Wang Xiaoting file photo [26300]

Wang Xiaoting

Given NameXiaoting
Died9 Mar 1981
CountryUnited States, China


ww2dbaseWang Xiaoting (also known as Wang Haisheng or H. S. "Newsreel" Wong) was born in the United States in 1900. He began working in the news and photojournalism industry in the US in 1920. Between 1923 and 1925, he was a member of an American expedition to Mongolia, Xinjiang, and Tibet regions of China. In May 1929, he was on assignment in Beiping, China. In 1931, the Shanghai-based newspaper Shun Pao hired him as the director of the photography department; later in the same year, he was sent on assignment to document the life of ethnic minority communities in China.

ww2dbaseWhen WW2 began, Wang was under the employment of the US firm Hearst Metrotone News. On 28 Aug 1937, Wang and other cameramen working for various agencies gathered atop the Butterfield & Swire building in Shanghai on false rumors that the Japanese was to bomb a Chinese Army blockade along the Huangpu River at 1400 hours. Seeing that no attack materialized, all cameramen but Wang departed by 1500 hours, seeking other opportunities. At 1600 hours, 16 Japanese carrier aircraft arrived, dropping bombs on the South Station in Shanghai, killing 700 civilians and the immediate area who were waiting for an overdue train bound for Hangzhou, Zhejiang Province, China (Japanese Navy later announced that the pilots had mistaken the large crowd for a troop concentration). He drove in his personal automobile to the station, and noted the destruction:

It was a horrible sight. People were still trying to get up. Dead and injured lay strewn across the tracks and platform. Limbs lay all over the place. Only my work helped me forget what I was seeing. I stopped to reload my camera. I noticed that my shoes were soaked with blood. I walked across the railway tracks, and made many long scenes with the burning overhead bridge in the background. Then I saw a man pick up a baby from the tracks and carry him to the platform. He went back to get another badly injured child. The mother lay dead on the tracks. As I filmed this tragedy, I heard the sound of planes returning. Quickly, I shot my remaining few feet [of film] on the baby. I ran toward the child, intending to carry him to safety, but the father returned. The bombers passed overhead. No bombs were dropped.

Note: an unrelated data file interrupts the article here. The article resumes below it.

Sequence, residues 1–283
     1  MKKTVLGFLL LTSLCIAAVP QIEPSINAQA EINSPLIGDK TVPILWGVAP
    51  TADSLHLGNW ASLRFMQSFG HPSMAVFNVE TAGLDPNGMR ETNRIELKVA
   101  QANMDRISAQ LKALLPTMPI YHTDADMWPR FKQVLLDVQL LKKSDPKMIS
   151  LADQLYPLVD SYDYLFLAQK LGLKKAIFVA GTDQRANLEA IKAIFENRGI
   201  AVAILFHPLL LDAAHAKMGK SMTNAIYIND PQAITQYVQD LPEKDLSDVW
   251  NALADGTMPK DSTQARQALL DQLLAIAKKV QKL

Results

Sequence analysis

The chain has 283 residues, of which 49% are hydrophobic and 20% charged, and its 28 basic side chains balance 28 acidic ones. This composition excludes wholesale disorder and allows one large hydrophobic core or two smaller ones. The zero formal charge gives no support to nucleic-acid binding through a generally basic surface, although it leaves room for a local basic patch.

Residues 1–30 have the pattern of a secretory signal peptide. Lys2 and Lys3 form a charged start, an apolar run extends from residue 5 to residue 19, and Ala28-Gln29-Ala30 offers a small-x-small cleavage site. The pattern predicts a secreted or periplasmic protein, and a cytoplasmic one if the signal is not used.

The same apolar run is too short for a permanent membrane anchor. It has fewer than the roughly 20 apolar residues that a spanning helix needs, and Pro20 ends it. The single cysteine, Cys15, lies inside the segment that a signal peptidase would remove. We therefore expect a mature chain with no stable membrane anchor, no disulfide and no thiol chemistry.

ww2dbaseThe next morning, he took the newsreel footage to the offices of China Press, where it was decided that it was worthy of sending to the Hearst office in New York, New York, United States. The newsreel traveled by US Navy warship to Manila, Philippine Islands and then by a Pan American World Airways aircraft the rest of the way. By mid-Sep 1937, images of the crying child was seen in theaters and in magazines. The most popularly printed still from the newsreel was titled "Chinese Baby", "Shanghai Baby", "Bloody Saturday", and "Bloody Sunday". This image brought Wang fame, particularly in Chinese circles, and the image was produced widely in fundraising efforts. This image was later voted by Life magazine readers as one of the ten "Pictures of the Year" for 1937. In 1944, this particular newsreel sequence was used within the Frank Capra film "The Battle of China".

ww2dbaseShortly after, Japan accused Wang of staging the photograph, citing that the man who tended to the injured child was not the father, but Wang's colleague. Japan put a bounty of US $50,000 on Wang's head. Fearing for the safety of his family, he relocated his family to Hong Kong while he remained in China to document the war. He filmed the Battle of Xuzhou and the aerial bombing of Guangzhou.

ww2dbaseAfter the war, Wang returned to the United States. From 1950 and into the 1970s, he was employed by Metro-Goldwyn-Mayer (MGM). In the 1970s, MGM dispatched him to Taipei, Taiwan, Republic of China on semi-permanent special assignment. He passed away from diabetes in Taipei in 1981.

ww2dbaseSource: Wikipedia

Last Major Revision: Jan 2017

Wang Xiaoting Interactive Map

Wang Xiaoting Timeline

28 Aug 1937 Wang Xiaoting, also known as H. S. "Newsreel" Wong, filmed the scenes at South Station in Shanghai, China immediately after a Japanese Navy aerial bombing. One of the stills featuring an injured and crying toddler, "Chinese Baby", would soon be seen by an estimated 25 million people world wide in the form of newsreels, newspapers, and magazines by the end of the year.
9 Mar 1981 Wang Xiaoting passed away in Taipei, Taiwan, Republic of China.


Photographer Wang Xiaoting (also Wang Haisheng or H. S. Portrait of Wang Xiaoting (H. S. Portrait of Wang Xiaoting (H. S.

Photographs Taken by Wang Xiaoting

Chinese entertainer visiting troops, Shanghai, China, Aug 1937A boy scout tending to a toddler injured by Japanese bombing at South Station, Shanghai, China, 28 Aug 1937, photo 1 of 2A boy scout tending to a toddler injured by Japanese bombing at South Station, Shanghai, China, 28 Aug 1937, photo 2 of 2Boy in the ruins of South Station, Shanghai, China, 28 Aug 1937
See all 9 photographs by Wang Xiaoting

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More on Wang Xiaoting
Event(s) Participated:
» Second Battle of Shanghai
» Bombing of Shanghai, Chongqing, and other Cities

Wang Xiaoting Photo Gallery
Photographer Wang Xiaoting (also Wang Haisheng or H. S.
See all 3 photographs of Wang Xiaoting

Famous WW2 Quote
"We no longer demand anything, we want war."

Joachim von Ribbentrop, German Foreign Minister, Aug 1939

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